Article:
At that moment, we considered which option to adopt; naturally, we wanted to win this client, but we also knew that the rural property, which he wanted to buy, required a quite complex searching process.

At the end, Mr. X was offered a “courtesy” discount in our fees, which was not close to the low price offered by the former professional. Finally, Mr. X decided to contract the other professional’s cheaper services.

Regarding the current market and low circulation of clients, some solicitors offer great discounts to stand out from competitors and then win a client. Then, considering the aforesaid, why our legal firm did not offer a higher discount to win Mr. X as a client?

The answer is obvious; because such low fees proposed by Mr. X could not pay for the time of commitment for the searching process to buy the above mentioned property in a rural land and then providing full legal certainty to the client.

Within our professional environment of legal services, you may and shall be flexible and capable for adapting to win a client, considering the current situation of financial difficulties and increase of competitors in our sector. However, you should NEVER compete with lower fees, because if the fees for your services are reduced so much, then the quality of your services becomes also poorer.

Furthermore, if we are realistic, no professional may work with the same intensity neither commit the same time when their fees are so low, because production costs and ideal profits would require much more cases which may not be properly and professionally handled, and as a result, a poorer quality counseling service may be provided.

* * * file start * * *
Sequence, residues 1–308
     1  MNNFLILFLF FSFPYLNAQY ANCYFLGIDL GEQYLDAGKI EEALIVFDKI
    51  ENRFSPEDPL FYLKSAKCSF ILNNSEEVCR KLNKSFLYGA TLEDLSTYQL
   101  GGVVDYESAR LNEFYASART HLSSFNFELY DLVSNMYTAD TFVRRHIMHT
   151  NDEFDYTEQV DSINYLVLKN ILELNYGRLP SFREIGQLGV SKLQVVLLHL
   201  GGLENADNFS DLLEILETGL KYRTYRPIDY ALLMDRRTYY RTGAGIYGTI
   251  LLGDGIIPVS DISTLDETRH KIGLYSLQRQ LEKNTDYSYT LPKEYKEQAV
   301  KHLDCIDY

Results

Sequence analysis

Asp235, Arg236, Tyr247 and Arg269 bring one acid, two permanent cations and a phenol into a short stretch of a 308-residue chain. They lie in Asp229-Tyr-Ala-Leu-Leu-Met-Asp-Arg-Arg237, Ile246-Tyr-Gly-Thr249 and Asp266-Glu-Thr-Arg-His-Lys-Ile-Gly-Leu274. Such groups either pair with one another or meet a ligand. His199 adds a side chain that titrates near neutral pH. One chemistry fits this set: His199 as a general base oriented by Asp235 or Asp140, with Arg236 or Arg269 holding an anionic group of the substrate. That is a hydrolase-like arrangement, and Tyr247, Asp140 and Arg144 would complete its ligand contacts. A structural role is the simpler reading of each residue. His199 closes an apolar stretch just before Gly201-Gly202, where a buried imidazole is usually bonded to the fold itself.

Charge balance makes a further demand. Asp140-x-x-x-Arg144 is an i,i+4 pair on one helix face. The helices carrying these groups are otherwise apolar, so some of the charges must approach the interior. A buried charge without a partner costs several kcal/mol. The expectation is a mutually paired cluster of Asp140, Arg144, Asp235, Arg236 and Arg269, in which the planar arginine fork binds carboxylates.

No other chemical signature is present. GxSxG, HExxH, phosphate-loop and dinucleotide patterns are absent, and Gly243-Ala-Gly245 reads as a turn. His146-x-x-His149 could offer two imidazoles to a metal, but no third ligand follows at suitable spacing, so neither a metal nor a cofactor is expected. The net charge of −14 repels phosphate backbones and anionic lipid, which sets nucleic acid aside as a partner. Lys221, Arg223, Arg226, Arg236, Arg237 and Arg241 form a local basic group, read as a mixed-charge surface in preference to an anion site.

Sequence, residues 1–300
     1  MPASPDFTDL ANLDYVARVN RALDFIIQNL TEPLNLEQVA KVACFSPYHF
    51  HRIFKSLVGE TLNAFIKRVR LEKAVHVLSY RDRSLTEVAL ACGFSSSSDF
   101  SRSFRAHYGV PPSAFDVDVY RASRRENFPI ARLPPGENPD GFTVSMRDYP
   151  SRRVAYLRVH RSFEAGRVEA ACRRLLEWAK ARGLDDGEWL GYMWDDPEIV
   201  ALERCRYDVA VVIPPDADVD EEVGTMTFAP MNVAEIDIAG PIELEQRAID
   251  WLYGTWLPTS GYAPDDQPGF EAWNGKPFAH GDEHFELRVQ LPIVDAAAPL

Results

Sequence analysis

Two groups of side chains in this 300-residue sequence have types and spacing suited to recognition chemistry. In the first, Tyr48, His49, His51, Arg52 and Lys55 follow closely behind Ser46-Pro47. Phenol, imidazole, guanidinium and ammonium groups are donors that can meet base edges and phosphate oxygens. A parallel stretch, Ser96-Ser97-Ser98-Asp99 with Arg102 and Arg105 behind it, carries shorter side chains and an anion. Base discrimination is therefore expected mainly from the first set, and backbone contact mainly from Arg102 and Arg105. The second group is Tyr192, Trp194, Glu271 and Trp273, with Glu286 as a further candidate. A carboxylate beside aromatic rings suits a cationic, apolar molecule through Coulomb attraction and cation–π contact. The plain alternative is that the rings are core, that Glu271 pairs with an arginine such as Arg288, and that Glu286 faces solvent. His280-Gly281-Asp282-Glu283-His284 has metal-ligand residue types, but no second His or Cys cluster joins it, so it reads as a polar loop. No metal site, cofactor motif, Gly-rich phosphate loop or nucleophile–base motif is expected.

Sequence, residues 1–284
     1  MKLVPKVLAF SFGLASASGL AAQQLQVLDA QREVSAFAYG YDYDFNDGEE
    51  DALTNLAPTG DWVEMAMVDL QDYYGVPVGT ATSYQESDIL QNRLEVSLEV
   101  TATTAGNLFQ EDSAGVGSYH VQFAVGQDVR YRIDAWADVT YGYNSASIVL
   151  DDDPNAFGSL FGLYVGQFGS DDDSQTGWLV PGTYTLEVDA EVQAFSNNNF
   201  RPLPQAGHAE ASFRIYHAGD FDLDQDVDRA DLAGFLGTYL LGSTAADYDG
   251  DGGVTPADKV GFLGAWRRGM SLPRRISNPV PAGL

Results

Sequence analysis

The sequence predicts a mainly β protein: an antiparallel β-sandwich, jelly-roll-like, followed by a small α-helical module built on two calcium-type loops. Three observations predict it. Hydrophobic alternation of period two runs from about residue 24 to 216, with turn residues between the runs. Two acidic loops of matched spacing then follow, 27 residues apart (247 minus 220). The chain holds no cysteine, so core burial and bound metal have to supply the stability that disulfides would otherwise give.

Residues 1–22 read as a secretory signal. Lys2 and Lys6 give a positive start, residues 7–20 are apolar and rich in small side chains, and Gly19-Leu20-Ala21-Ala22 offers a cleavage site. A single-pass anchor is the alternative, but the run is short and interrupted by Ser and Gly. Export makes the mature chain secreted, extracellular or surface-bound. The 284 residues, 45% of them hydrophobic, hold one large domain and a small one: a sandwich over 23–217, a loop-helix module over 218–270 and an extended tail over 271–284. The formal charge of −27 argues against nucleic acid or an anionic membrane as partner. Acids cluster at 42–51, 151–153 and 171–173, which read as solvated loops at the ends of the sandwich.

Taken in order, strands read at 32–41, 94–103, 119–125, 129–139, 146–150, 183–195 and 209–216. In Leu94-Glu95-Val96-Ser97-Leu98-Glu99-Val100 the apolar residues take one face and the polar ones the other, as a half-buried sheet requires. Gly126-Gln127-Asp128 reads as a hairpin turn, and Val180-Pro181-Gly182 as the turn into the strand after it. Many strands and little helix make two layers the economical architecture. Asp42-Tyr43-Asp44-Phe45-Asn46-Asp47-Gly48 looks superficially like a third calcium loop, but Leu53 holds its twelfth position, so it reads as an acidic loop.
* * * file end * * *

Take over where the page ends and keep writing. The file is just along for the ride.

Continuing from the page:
Later on, we knew that Mr. X hired an agent’s services for the legal counseling instead of a solicitor’s. We do not know how his case finished or whether he received a good counseling service. Similarly, if I do not feel physically well or fell pain, I would contact a doctor for a diagnosis and the prescription of a solution, instead of contacting a person who is not a doctor and claims to know a lot about medicine. As a qualified general practitioner, the doctor is better trained and has a legal responsibility. As a result, the patient-client receives more security and reliability, although he or she may pay more for these services.

In all honesty, an agent will never provide the same legal service as a solicitor will, because a solicitor has been exclusively trained by and for law. Solicitors’ training is eminently juridical; this full time commitment and the responsibility of the practice of law—because of the rules and the professional ethics code and good practice; shall always result in a higher quality legal counseling and greater commitment to the client. But I do not go against agents, as I personally know some of them and I am aware of their worth. However, they are not solicitors.

In short, although we were really looking forward to winning Mr. X as a client, we could not afford to reduce our fees so much in order to avoid a poorer quality service. The fact of highlighting our professionalism and tailor-made customer service in our law firm implies a commitment of time and this commitment implies some costs that the client should pay.



Author: Gustavo Calero Monereo, C&D Solicitors (lawyers)
Torrox-Costa (Malaga/Costa del Sol/Andalucia)